Introduction This document was originally designed to focus on fire situations in chemistry laboratories. While it continues to mention laboratories, the information contained herein is broadly applicable to almost all workplaces.
Fire is the most common serious hazard that one faces in a typical chemistry laboratory. While proper procedure and training can minimize the chances of an accidental fire, you must still be prepared to deal with a fire emergency should it occur (Look here for a graphic example). This document teaches you the basics about fire extinguishers - proper types, how to use them, when and when not to use them as well as the proper procedures to follow should a fire occur. It is not a comprehensive guide; be sure to read the disclaimer given below.
If your clothing is on fire (and the floor is not), STOP, DROP and ROLL on the ground to extinguish the flames. If you are within a few feet of a safety shower or fire blanket, you can use these instead, but do not try to make it "just down the hall" if you are on fire. If one of your coworkers catches fire and runs down the hallway in panic, tackle them and extinguish their clothing.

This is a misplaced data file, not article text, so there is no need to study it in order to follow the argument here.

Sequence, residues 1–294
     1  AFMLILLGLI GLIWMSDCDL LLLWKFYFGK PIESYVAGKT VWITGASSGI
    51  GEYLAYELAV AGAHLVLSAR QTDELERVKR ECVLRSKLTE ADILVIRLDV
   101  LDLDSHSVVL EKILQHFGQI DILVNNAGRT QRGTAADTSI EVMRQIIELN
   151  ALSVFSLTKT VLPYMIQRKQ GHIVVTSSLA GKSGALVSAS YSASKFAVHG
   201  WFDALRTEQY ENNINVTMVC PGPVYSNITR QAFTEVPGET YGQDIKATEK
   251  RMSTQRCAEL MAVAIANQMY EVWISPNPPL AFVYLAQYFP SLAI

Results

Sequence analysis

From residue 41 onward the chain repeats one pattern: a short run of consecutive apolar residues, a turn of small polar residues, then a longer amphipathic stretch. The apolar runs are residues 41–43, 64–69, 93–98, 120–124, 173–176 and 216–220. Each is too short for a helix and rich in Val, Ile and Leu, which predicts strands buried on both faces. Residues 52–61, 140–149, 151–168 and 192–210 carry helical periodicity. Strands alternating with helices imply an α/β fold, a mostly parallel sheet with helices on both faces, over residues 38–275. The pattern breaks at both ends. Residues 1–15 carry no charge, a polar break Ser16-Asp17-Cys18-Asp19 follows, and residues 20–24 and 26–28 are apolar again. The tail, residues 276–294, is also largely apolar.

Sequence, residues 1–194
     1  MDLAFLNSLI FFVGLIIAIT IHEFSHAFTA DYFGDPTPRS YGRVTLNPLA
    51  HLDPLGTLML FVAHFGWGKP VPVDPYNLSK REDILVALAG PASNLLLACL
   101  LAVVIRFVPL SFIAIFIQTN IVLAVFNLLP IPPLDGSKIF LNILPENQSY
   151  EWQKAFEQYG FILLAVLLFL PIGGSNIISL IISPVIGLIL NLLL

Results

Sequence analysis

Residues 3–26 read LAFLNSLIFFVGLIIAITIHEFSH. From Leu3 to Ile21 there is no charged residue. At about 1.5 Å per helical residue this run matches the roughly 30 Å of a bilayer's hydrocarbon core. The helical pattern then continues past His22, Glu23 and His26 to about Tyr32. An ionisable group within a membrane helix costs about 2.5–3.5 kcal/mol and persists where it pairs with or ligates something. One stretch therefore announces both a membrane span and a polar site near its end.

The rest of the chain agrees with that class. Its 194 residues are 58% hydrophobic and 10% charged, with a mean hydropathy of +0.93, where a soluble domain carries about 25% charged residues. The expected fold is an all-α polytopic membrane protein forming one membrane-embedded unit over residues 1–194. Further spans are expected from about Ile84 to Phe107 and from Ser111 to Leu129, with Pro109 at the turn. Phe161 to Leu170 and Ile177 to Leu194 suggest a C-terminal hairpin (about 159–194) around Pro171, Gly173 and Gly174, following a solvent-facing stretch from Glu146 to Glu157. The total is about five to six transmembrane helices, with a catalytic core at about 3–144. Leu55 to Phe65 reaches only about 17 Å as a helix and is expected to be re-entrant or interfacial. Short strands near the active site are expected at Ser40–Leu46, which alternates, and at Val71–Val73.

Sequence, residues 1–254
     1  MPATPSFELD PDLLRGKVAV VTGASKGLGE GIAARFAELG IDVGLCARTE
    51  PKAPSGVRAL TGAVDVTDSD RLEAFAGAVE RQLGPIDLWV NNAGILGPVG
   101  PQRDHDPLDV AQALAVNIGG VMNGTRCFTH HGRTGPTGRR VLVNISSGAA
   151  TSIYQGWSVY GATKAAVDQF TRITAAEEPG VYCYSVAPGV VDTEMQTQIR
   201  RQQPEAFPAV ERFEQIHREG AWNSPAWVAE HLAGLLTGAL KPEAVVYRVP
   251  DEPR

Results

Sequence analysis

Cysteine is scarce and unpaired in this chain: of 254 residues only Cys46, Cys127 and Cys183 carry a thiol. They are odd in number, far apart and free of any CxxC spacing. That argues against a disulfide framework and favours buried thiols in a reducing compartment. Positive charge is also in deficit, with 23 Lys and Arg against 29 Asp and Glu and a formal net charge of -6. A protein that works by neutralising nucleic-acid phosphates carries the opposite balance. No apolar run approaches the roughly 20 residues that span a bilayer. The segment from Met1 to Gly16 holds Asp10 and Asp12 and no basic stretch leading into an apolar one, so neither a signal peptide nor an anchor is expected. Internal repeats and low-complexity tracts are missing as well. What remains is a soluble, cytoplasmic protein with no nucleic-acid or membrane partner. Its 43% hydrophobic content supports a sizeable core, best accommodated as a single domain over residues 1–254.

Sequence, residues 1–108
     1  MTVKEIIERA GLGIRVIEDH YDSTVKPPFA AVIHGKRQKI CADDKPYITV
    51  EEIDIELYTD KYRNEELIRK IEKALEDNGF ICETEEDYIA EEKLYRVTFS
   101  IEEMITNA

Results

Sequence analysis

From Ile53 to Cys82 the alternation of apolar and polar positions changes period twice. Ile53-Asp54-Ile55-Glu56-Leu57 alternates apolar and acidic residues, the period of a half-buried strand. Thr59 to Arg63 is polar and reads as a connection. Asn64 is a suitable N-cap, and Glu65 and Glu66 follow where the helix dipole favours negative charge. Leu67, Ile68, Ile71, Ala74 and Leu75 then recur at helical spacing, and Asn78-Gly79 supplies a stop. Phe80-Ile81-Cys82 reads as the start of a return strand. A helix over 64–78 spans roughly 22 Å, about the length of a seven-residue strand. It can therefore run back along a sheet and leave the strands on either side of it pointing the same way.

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Basic types of fire extinguishers
The two most common types of extinguishers in laboratories are pressurized dry chemical (Type BC or ABC, left) and carbon dioxide (CO2, right) extinguishers:
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You may have other "clean agent" extinguishers besides CO2 (see next section), particularly if your workplace has sensitive electronic devices such as computers. Those who work with flammable metals may also have a specialized Class D dry powder extinguisher for use on fires (in a pinch, a bucket of dry sand will do, but you really should have a Class D unit if you work with such materials). Water-filled extinguishers are not acceptable for...